Frequently Asked Questions
Who can ask the Joint Committee on Taxation for a revenue estimate or help in crafting legislation?
Any Member of Congress may request a revenue estimate for a tax proposal or solicit the committee’s help in crafting tax legislation. There has been a significant growth in the number of revenue requests over time. In 1986, the Joint Committee Staff received 474 requests. In 2010, this figure had increased to almost 6,000 (PDF Chart). While the majority of requests are for revenue estimates, the Joint Committee Staff also receives requests for distributional, legal, and data analyses. All requests are treated as confidential unless otherwise stipulated. A response to a request is released only to the Member making the request and the response remains confidential unless the Member decides to make the information public. Confidentiality allows the Joint Committee Staff to maintain its nonpartisan role in the policy process.
Procedures for Congressional Members requesting revenue estimates from the Joint Committee on Taxation are as follows:
Thomas A. Barthold, Chief of Staff
Joint Committee on Taxation
1625 Longworth House Office Building
Washington, DC 20515
- Request must be submitted on Member’s letterhead and signed by the Member.
- Reference the subject and provide any supporting bills or documentation relating to the proposal for which the request is being submitted.
- A proposal need not have been introduced as a bill but must include sufficient detail for a revenue estimate to be prepared.
- Questions concerning whether proposals are sufficiently detailed should be directed to the Joint Committee’s main office at Extension 5-3621.
- List the name and contact information of the person in the Member’s office handling the request.
Does the Joint Committee on Taxation ever publish their revenue estimates?
When a revenue estimate has been included in a publicly available document (e.g., a revenue table summarizing a markup proposal or the result of a reported bill), the estimate is posted to the Joint Committee website and publicly released. An estimate is also posted in circumstances where the information is of widespread and immediate interest by the Members of Congress (e.g., a tax bill about to be voted upon by the full House or the full Senate).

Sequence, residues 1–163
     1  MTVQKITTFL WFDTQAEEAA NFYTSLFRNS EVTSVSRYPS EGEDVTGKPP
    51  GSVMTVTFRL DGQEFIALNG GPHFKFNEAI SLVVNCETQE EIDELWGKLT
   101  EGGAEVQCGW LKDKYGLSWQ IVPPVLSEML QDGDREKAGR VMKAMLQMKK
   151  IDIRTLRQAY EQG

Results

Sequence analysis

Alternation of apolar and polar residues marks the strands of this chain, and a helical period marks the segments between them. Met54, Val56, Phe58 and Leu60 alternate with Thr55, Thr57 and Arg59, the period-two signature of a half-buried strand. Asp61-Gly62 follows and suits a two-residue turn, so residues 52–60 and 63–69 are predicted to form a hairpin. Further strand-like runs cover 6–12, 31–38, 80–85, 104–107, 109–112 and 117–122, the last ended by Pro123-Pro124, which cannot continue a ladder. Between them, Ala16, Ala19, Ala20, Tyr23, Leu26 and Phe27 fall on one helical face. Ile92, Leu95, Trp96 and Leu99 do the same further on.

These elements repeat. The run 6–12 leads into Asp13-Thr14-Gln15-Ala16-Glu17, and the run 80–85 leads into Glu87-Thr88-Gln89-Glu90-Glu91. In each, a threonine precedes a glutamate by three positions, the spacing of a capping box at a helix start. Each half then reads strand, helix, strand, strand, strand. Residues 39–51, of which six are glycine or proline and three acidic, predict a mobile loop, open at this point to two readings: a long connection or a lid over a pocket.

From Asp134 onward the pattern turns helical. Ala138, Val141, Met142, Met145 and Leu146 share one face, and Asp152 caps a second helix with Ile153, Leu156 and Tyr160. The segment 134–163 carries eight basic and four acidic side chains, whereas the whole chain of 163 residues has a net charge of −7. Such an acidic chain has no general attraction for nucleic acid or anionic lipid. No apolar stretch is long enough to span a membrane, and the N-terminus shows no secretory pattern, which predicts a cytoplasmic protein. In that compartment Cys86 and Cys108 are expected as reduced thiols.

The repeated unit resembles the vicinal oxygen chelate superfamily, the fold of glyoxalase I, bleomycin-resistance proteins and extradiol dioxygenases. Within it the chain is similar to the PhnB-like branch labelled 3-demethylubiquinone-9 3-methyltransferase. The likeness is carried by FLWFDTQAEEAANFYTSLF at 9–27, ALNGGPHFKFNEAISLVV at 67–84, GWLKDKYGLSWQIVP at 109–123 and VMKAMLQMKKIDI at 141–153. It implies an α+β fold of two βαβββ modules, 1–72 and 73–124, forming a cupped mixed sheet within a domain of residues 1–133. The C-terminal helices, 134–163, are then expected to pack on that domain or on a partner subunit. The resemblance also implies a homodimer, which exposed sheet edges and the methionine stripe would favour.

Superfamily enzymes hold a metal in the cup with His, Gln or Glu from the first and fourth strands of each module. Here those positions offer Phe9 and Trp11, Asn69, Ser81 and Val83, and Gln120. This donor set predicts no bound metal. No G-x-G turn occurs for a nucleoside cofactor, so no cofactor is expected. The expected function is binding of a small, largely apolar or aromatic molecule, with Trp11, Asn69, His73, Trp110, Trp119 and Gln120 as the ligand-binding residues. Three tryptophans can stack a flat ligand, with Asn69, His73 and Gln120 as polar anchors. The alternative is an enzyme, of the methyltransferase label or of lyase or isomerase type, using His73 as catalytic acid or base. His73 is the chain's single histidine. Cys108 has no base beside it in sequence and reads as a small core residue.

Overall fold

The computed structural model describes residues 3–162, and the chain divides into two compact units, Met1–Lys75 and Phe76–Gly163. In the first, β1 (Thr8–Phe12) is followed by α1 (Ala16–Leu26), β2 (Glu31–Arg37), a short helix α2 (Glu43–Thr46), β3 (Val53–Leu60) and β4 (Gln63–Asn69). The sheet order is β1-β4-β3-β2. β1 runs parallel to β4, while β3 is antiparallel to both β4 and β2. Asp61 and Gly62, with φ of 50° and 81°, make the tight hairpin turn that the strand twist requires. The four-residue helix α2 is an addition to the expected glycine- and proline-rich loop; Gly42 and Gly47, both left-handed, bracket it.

Are Joint Committee on Taxation estimates “static”?
No. JCT estimates include many micro-dynamic behavioral effects that economists anticipate would result from changes to taxation; for example, a proposal to increase excise taxes on cigars would be assumed to reduce demand for cigars while potentially increasing demand for cigarettes. In providing conventional estimates, the Joint Committee Staff assumes that a proposal will not change total income and therefore holds Gross National Product fixed. However, it is important to note that the use of fixed economic assumptions does not prevent the Joint Committee Staff from taking into account that in response to a tax change, economic activity will shift across sectors or markets and/or the timing of economic activity may change.
Although conventional revenue estimates are sometimes referred to as “static,” for more than a quarter of a century, Joint Committee Staff revenue estimates have taken into account taxpayers’ likely behavioral responses to proposed changes in tax law. Behavioral effects can be broadly characterized as shifts in the timing of transactions and income recognition, shifts between business sectors and entity form, shifts in portfolio holdings, shifts in consumption, and tax planning and avoidance strategies.
What kinds of models does the Joint Committee on Taxation use to produce conventional revenue estimates?
The Joint Committee Staff uses a wide variety of economic and statistical models to estimate the revenue impact of changes in tax laws. The primary source of tax data for the models comes from the SOI division within the IRS. However, the Joint Committee Staff receives data from multiple sources from both government agencies and non-government organizations.
Some of the models are large models that simulate taxpayers responses to tax law changes and use large micro-data files, while others are smaller and spreadsheet based. The Joint Committee Staff uses several highly developed tax models that simulate taxpayers responses to tax law changes (“microsimulation” models). These are the Individual Model, the Corporate Model, and the Estate and Gift Model. In addition, the Joint Committee Staff is beginning to use individual panel-based models. The complexity and scope of a model are determined by several factors including the amount and type of data available, the level of interest in the issue addressed by the model, and the level of complexity associated with the questions being asked of the model. Finally, the Joint Committee Staff employs multiple models to analyze the macro-economic impact of significant changes the tax system. Additional publications are available regarding revenue estimating methodology and macro-economic analysis.